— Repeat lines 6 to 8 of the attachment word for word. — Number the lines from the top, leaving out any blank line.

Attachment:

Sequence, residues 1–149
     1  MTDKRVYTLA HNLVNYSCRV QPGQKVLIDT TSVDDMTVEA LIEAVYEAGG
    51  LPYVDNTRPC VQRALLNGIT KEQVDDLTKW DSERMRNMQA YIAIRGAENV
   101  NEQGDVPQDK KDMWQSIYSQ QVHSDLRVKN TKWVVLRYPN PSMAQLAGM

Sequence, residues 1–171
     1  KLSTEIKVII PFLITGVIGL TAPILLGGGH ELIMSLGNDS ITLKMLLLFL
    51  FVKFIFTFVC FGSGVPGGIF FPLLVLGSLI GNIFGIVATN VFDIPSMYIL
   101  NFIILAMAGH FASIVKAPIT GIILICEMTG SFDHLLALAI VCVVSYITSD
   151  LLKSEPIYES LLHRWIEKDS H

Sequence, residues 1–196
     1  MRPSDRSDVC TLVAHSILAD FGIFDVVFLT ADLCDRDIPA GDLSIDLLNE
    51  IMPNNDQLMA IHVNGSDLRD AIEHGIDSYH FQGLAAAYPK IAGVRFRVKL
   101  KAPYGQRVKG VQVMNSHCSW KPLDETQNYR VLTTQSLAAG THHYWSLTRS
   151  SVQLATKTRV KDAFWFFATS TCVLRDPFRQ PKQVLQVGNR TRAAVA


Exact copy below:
     1  KLSTEIKVII PFLITGVIGL TAPILLGGGH ELIMSLGNDS ITLKMLLLFL
    51  FVKFIFTFVC FGSGVPGGIF FPLLVLGSLI GNIFGIVATN VFDIPSMYIL
   101  NFIILAMAGH FASIVKAPIT GIILICEMTG SFDHLLALAI VCVVSYITSD